When Mistakes Escalate – Inside my Head

Welcome to an exciting chess lesson in this episode of ChessCoachAndras! Join us as we dive deep into the intricate world of chess decision making. In ‘When Mistakes Escalate Inside My Head,’ we explore the interesting phenomenon, where our opponent’s consecutive mistakes pile up. Watch closely as we dissect an intense chess game, showcasing the live thought process and explaining our moves step by step.

Key Topics Covered:

Consecutive Mistakes

Exploiting Mistakes

How to Manage a Bad Decision

Chess Decision Making

Live Thought Process

Thought Process Explained

Don’t miss this insightful analysis on how to turn the tide when facing adversity on the chessboard. If you’re a chess enthusiast looking to improve your game, this video is a must-watch. Subscribe for more educational chess content and sharpen your strategic skills with ChessCoachAndras!”


  1. This channel is definitely under rated and should have more followers. Perhaps check some of your more popular vids and create a series out of them. Like for example climbing the rating ladder or In my head against lower rated players but a series. Perhaps even combining these two.

  2. Maybe this is dumb but at 10:44 what's wrong with pawn takes bishop? Anyway, this video is perfect for me. My 10 minute time control rating is 1800s and I regularly do exactly what the opponent did here. Follow up a bad move with two or three even worse moves. Thank you for the video!

  3. Very instructive game! I think the engine slightly prefers e5 over b6 because you are undermining the base of the pawn chain while at the same time opening the diagonal for the bishop on f8. Attacking, facilitating development, and getting one step closer to castling. And if he defends with e3, you still have b6 in your pocket while gaining more space on the king side and a better center.

  4. amazing intuition and refutation in the style of your Chess Principles Trilogy! Almost engine-like, but it came up with an even more amazing 1. d4 d5 2. c4 c6 3. c5 b6 4. b4 a5 5. Bd2 axb4 6. Bxb4 Na6 7. Qd2 Nf6 8. f3 Nxb4 9. Qxb4 bxc5 10. Qxc5 e5 sacing a pawn for FULLY DEVELOPED ARMY vs BACKRANK FEST

  5. I wonder what your thoughts were about dxc3 instead of Qe6 in the position at 12:00.

  6. Thanks for a video focused on a one specific topic, understanding openings and calculation with precision and completness.

  7. The algorithm is psychic and recommended the “To Push or Not to Push” video to me last night so I was prepared.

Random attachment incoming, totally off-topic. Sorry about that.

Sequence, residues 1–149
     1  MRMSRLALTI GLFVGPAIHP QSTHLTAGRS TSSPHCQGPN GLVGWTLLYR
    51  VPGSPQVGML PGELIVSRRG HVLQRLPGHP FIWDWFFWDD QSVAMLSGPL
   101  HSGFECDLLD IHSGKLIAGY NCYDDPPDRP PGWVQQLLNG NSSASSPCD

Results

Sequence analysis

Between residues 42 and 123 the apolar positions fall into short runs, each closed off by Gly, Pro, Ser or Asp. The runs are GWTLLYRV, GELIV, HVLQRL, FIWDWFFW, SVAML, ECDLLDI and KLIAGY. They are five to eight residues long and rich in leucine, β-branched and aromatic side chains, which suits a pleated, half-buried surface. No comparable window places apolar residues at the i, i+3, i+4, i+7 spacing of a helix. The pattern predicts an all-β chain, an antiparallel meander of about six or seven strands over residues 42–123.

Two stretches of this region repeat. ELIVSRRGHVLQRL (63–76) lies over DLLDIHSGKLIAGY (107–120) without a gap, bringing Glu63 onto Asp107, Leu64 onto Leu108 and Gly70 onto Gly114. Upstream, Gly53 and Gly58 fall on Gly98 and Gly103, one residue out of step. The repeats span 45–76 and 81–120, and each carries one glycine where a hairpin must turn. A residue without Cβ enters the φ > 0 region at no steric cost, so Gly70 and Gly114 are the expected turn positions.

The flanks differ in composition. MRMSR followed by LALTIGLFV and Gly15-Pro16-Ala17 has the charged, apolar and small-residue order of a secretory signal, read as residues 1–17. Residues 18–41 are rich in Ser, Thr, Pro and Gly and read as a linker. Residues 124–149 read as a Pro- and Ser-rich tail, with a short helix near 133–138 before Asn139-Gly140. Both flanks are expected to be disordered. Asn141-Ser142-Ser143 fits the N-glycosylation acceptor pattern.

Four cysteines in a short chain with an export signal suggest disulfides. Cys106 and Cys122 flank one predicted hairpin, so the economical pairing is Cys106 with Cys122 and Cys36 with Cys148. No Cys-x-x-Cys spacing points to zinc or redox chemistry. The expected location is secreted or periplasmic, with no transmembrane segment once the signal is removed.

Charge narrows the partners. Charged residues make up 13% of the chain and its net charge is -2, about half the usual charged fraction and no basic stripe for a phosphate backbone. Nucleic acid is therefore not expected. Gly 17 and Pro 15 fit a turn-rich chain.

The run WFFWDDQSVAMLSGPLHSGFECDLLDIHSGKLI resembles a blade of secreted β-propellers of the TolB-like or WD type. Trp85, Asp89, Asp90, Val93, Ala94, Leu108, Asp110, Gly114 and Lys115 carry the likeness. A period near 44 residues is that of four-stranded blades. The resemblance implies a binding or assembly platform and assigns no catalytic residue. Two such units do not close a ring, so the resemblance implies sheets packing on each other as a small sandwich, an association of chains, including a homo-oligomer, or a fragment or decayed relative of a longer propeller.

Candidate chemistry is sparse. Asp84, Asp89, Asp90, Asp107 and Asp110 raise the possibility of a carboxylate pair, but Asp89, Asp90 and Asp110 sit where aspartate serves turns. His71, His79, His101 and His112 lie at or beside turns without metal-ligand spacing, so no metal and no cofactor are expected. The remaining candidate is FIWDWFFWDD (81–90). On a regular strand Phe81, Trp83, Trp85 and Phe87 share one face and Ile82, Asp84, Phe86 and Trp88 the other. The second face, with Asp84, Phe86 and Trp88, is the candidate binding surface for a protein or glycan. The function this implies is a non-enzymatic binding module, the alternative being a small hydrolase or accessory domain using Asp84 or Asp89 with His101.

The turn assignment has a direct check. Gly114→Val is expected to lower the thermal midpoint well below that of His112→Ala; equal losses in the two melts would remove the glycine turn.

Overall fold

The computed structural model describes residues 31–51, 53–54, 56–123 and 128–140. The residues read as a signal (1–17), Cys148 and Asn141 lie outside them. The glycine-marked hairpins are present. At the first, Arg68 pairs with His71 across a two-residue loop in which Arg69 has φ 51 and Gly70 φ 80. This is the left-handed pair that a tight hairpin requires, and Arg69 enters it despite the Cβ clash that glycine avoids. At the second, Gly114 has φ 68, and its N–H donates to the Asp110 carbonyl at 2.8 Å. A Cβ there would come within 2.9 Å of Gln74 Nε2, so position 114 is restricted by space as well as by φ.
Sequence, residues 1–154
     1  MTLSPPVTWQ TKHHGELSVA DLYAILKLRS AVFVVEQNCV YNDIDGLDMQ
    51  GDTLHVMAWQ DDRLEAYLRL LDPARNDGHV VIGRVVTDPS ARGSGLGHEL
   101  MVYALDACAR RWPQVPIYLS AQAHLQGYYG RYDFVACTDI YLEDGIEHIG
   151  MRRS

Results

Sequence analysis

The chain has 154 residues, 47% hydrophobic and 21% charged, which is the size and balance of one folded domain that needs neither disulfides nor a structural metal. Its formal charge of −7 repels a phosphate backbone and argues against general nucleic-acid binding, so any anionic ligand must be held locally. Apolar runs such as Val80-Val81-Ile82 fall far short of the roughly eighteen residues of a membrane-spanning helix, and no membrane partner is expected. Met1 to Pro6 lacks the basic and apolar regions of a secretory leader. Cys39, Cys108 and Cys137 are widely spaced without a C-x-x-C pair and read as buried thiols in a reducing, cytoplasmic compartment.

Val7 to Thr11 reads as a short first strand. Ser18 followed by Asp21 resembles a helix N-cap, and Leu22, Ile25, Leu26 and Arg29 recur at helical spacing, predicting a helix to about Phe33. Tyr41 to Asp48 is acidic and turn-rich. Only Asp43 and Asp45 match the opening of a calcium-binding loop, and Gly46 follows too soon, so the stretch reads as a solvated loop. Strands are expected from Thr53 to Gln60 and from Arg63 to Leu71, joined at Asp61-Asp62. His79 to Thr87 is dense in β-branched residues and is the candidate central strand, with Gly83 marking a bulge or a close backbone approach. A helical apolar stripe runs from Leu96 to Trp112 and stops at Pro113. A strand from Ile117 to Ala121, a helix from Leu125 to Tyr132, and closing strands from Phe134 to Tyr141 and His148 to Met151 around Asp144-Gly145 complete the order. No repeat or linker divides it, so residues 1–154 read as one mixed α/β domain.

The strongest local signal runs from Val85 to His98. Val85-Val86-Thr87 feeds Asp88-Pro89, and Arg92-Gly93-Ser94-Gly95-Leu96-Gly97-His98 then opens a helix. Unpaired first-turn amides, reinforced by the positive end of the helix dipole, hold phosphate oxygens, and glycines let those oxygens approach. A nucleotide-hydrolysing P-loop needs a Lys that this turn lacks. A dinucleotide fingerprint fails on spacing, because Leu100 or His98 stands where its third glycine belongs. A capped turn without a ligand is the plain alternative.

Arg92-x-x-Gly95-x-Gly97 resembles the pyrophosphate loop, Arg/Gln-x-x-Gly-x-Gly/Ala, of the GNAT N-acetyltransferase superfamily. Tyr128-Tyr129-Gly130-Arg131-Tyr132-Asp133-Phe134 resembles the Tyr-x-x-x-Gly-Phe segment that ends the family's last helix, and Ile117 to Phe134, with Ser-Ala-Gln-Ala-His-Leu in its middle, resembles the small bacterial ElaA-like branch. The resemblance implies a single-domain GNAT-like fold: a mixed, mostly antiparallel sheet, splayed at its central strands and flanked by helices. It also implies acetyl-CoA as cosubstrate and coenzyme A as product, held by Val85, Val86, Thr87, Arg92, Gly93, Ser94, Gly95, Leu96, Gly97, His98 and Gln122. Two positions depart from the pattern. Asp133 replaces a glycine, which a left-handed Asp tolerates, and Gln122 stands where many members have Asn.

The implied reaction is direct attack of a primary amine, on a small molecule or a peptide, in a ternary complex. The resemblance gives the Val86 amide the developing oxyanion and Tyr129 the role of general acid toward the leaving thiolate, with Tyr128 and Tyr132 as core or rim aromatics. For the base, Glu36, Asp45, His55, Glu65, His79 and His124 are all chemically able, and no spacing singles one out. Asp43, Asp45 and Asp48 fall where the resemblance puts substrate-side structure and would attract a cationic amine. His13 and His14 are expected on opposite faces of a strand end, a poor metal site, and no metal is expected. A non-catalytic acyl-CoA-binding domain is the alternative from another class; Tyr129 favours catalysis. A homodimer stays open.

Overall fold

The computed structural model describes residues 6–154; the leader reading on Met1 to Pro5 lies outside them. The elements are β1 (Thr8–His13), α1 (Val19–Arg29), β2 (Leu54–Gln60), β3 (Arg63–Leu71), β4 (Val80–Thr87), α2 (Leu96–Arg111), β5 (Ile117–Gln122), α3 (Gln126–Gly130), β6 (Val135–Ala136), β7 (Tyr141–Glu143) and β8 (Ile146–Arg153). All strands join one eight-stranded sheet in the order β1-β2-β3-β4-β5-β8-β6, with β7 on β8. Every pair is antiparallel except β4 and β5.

8. Very entertaining video. I love your attitude when playing chess. In the next video, could you perhaps go into a little more detail about how to make a medium or long-term plan? So the positional and strategic.

  9. Great advice about not doubling down on mistakes.

  10. I was curious about some master games where c5 is played and there are ZERO games to be found on Lichess

  11. Hey man, what’s the next proyect on Chessable about?

  12. I'm not sure your opponent was 'doubling down' on his mistakes because he may not recognize them as such in the first place given that he thought the position before f4 was interesting.

  13. @ChessCoachAndras I am a beginner, and want to learn how to play chess properly.
    Where do I start?
    I want your help.
    Even if you aren't taking personal lessons now, could you please recommend a book or two for me to study, a website, or something to get me to learning how to play the game?

  14. It's frustrating when you know your opponent is playing wrong and you still you can't punish it! Gonna watch the mentioned video right after this one.

  15. 7:35 this is soo true 🙁
    There have been many times where i've ended up with winning positions, and I know that my opponent's position is bad; however, I can't seem to convert the positions.

  16. I know, that it was already winning, but wasn't after f4, dxc3 just winning the piece?

  17. 11:02 was dxc3 possible? Because after they take your pawn with the queen, you take their queen with the pawn with check and then you are up the exchange. Unless I missed a variation.

  18. Great video, as always. Very helpful for those of us who still have issues identifying bad moves in the opening!

  19. Amateurs not understanding that their positions are bad is a phenomenon I call "positional insensitivity," which I used to suffer from myself until recently. It comes from studying some tactics and maybe some endgames, playing time controls that are too fast (where the opponent might lose on time or flub the position with a blunder), not analysing, and not studying level-appropriate positional materials. Poor opening choices exacerbate the effect. I gained some positional sensitivity when I improved my training regimen, went through Yusupov's *Build Up Your Chess 1: The Fundamentals*, and played more appropriate openings (1.b3 > The King's Gambit > The Ruy Lopez; The Pirc Defense > Alekhine's Defense > The Petroff Defense > The Najdorf; The Tarrasch Defense > The KID > Gruenfeld's Defense). Now I not only can analyze and assess my positions more soberly, but I can start to feel during the game when something has gone wrong. I couldn't when I was just spamming guhrillions of G10 and tactics puzzles on Chesscom.

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